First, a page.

Bell 103A2 Modem Debug

A project log for An Old Fashion Acoustic Modem for the iPhone

My son recently returned from a holiday in China. His biggest complaint was the blocking of FaceBook!

agp.cooperagp.cooper 02/13/2017 at 14:341 Comment

Loopback Test

I had some problems with the audio loopback so I had to drop back to a direct loopback.

Here is the signal from the first stage lowpass:

Not pretty but functional. Some noise is probably a good idea for testing and optimising.

Here is the demodulator output:

Basically identical results for Answer or Originate configuration. What is not shown here is the decoder jitter.

Baud Rate Generator

The jitter associated with the baud rate generator was the main problem. It was missing the timeout flag. Fixed. It now only misses the occasion interrupt tick from the sample clock.

Demodulator Jitter

The jitter associated with demodulator is likely to be jitter from the sine wave generator and/or from the phase transition. Suppressing the high frequency noise by adding an additional low pass had no effect:

The only real hint is that jitter is much worse (x4?) with the higher frequencies suggesting jitter is from the sine wave generator.

Turned off the binary signal (i.e. a single tone) and the jitter is clearly visible and in tune with the demodulator jitter. Here is the signal, even in this image you can see this signal moves around:

Bandpass Filters

Before I found the baud rate generator problem I reduced the band pass filter Q to good effect. After minimising the remaining jitter I will have to rework the band pass filters to see if I can increase the Q as I think suppressing the opposite channel still has merit.

Sine Wave Generator Investigations

Tried a 62.5kHz Fast PWM, 32 bit maths and a 256 sine wave lookup table (and variations in between). The sine wave looks great but slowly oscillates. The demodulator hates it! After double checking I find the frequency is off which means the Arduino cannot keep up (even with just the sine wave generator running). Back to 31.37 kHz.

Now I was caught out in that I thought the Phase Correct PWM frequency is half of the Fast PWM frequency of 62500 Hz. It is not! It is actually 31372.5 Hz. It pays to check the manual.

I have come to the conclusion that the jitter is mostly due to background interrupts by the Arduino bootloader. This probably means that I am losing interrupt ticks. I did drop the PWM to 7813 Hz to have a look, but the wave form was pretty poor:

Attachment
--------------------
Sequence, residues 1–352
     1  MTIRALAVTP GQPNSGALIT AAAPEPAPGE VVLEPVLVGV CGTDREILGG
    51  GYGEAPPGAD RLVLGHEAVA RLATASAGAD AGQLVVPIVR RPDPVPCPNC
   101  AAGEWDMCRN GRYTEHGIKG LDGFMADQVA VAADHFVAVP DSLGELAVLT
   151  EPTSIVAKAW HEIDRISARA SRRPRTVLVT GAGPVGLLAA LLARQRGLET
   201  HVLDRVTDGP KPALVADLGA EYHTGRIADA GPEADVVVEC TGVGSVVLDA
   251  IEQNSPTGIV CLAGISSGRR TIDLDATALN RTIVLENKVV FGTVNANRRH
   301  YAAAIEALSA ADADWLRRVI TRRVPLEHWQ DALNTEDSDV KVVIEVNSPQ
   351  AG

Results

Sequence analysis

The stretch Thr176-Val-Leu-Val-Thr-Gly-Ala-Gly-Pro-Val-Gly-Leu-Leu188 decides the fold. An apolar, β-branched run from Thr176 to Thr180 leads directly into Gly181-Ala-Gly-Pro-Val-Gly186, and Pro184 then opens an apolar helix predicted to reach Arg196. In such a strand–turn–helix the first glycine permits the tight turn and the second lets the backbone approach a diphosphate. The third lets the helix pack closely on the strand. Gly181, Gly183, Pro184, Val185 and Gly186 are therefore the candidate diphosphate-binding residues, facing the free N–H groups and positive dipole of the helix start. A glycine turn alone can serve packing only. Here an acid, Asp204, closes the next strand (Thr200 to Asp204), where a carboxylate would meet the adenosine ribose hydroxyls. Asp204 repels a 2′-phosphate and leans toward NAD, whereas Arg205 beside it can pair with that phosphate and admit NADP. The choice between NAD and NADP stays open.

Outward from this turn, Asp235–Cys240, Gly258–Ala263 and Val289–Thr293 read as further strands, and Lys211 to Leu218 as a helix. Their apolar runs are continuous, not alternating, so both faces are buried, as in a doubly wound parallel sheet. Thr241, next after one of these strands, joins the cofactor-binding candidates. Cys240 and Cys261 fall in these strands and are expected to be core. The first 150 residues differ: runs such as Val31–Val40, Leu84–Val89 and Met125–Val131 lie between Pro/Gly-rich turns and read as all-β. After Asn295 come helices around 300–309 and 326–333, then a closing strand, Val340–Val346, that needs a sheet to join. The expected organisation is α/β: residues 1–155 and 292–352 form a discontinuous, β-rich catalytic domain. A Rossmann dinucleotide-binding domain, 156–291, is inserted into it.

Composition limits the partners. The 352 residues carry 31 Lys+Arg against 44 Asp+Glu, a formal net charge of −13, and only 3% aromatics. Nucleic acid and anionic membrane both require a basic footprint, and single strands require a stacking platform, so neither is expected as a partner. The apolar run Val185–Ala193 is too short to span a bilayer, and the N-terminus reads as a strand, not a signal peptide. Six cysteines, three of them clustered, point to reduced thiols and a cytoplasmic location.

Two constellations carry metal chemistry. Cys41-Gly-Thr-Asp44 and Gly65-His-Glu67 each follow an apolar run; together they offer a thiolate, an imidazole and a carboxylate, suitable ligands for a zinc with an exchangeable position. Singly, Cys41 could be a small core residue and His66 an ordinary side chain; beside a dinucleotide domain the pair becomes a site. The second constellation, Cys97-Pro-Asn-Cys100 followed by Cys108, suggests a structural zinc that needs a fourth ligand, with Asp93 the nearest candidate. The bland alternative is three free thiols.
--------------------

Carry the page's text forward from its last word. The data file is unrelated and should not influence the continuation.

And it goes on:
Data In Versus Data Out

Here is the Data In (blue) versus Data Out (yellow). Note that Data Out is delayed by about a bit:

You might say what jitter? That was the low channel (1170 Hz), the high channel (2125 Hz) is not so good:

In reality the background jitter is just like a noise floor. It just sets a minimum for degradation by the telephone system. I could spend weeks investigating jitter and trying solutions but I feel I have a fair solution right now so I will move on.

Audio Loopback

Now that I think I have the code working properly, here is the results of the audio (speaker and microphone) loopback for the low channel:

The signal looks to be all over the place but it detects okay with the usual jitter.

Here is the high channel:

Detection is good with the speaker to about 30 cm away. Without the speaker connected you get the usual spike chatter.

The microphone gain is far too high, someone talking in the room is stronger than the signal. But the next circuit board iteration has that fixed.


So lots of progress today! A working modem!



coppice wrote 03/23/2017 at 13:16 point

If your cell phone is using the AMR codec, the pitch is only updated at 5ms intervals. None of the other speech codecs used by cellphones offer any finer temporal resolution. Sending 300bps (3.33ms per bit) might be a problem.

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